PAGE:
Feb 8, 2016

Could Digital Artists Replace Real Artists?

Posted by in categories: computing, media & arts

By now, everyone is probably familiar with holographic performances from such artists as Elvis, Micheal Jackson and the one that started it all, Tupac Shakur at Coachella. However, the real pioneers of performance holograms were that quirky cartoon band, Gorillaz. The costs of a holographic setup would make your toes curl, but the technology itself is fairly straight forward. Projecting onto a specialized screen which is as close to invisible as one can get. There are two main players in the space, Holo-gauze and Musion.

When it comes to digital artists, there is one name that stands out from all others. Hatsune Miku. What makes Miku so unique when compared to holograms of dead celebrities or even the animated Gorillaz with Blur frontman, Damon Albarn, is that she is entirely computer generated. A software instrument manifest as an anime character who has become as much of a ‘real’ celebrity as anyone currently in the charts.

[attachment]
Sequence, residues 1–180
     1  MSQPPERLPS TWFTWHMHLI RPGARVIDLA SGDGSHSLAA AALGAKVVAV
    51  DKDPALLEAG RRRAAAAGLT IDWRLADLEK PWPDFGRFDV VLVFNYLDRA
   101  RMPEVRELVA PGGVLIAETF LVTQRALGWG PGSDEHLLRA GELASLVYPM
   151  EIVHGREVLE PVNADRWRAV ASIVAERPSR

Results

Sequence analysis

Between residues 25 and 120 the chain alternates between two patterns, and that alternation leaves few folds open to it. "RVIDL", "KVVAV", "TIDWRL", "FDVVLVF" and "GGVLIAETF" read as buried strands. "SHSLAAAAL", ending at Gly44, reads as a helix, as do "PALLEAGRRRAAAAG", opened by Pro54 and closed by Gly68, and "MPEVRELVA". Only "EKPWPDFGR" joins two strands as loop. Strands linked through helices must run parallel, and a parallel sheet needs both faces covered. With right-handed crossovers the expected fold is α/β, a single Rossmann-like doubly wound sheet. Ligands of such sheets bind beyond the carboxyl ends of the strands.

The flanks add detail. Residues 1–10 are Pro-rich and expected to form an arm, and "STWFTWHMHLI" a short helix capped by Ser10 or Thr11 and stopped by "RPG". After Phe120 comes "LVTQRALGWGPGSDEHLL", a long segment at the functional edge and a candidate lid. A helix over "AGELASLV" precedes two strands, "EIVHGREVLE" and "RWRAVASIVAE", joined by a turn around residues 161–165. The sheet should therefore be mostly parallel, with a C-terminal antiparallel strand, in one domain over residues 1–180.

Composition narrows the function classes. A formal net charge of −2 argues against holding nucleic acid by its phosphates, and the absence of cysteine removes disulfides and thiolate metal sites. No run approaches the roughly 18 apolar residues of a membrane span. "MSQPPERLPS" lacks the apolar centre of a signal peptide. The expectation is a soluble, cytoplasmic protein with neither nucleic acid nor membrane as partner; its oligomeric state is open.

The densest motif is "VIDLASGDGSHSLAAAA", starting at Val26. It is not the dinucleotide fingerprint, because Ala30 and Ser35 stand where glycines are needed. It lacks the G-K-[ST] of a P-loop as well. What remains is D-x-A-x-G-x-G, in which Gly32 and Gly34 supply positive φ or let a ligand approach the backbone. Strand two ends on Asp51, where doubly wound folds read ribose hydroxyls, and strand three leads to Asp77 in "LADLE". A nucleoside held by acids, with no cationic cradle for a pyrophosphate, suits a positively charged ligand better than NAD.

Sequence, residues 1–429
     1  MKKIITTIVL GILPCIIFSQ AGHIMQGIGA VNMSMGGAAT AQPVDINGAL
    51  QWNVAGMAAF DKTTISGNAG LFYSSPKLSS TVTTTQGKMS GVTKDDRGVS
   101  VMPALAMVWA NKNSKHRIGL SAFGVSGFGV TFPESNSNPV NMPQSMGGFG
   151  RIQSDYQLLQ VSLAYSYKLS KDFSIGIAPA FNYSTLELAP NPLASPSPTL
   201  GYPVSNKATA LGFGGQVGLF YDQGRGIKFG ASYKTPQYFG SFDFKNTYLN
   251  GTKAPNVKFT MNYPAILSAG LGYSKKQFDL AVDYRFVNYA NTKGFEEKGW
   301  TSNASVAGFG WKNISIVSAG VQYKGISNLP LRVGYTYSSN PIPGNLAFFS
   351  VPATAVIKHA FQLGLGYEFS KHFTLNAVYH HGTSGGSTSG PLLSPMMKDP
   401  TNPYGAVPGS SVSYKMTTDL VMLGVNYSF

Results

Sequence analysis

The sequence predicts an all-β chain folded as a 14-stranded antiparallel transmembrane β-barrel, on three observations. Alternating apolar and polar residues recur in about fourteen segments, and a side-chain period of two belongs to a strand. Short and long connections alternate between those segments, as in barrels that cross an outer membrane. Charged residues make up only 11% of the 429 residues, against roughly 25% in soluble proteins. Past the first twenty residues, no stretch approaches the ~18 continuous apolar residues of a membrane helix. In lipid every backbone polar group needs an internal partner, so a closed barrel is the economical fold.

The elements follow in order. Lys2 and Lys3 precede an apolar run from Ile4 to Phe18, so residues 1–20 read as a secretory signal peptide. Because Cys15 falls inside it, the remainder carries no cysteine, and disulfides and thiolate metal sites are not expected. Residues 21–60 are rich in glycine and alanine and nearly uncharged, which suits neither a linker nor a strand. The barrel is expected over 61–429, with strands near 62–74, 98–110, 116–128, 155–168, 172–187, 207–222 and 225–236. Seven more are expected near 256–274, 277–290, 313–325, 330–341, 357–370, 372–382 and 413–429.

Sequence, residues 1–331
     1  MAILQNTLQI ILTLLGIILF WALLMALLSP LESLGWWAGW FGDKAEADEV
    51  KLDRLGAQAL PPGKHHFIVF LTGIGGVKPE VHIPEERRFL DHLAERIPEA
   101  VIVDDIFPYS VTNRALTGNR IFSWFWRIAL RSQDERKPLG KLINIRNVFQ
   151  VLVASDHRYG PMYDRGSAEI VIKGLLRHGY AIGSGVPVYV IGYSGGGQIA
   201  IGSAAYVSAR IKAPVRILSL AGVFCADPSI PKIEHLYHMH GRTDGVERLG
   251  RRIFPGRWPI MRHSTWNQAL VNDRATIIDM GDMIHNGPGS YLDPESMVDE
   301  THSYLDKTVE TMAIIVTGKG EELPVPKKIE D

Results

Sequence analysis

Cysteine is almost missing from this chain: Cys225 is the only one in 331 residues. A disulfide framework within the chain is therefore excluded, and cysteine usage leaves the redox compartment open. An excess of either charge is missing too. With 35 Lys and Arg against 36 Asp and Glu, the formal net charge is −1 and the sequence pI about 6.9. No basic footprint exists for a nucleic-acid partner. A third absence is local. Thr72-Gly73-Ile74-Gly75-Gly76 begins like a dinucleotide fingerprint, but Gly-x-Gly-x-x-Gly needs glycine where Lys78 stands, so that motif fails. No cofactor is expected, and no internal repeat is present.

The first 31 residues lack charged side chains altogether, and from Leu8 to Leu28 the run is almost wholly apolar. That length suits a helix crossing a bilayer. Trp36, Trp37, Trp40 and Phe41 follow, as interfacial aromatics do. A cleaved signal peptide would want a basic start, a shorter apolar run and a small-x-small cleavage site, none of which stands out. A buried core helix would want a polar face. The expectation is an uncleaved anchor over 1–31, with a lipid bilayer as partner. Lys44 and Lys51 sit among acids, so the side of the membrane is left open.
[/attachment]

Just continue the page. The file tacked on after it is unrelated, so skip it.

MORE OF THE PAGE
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  1. Karen says:

    This is very interesting and funny. One of my family members who is big in the industry in Nashville; I posted this very same concept on his FB page 3 weeks ago and asked for his opinion on if he thought it would work. I used Madonna as an example and how she could actually do 5 shows in 5 different locations in 1 night with these halograms. I can’t wait to share this with him.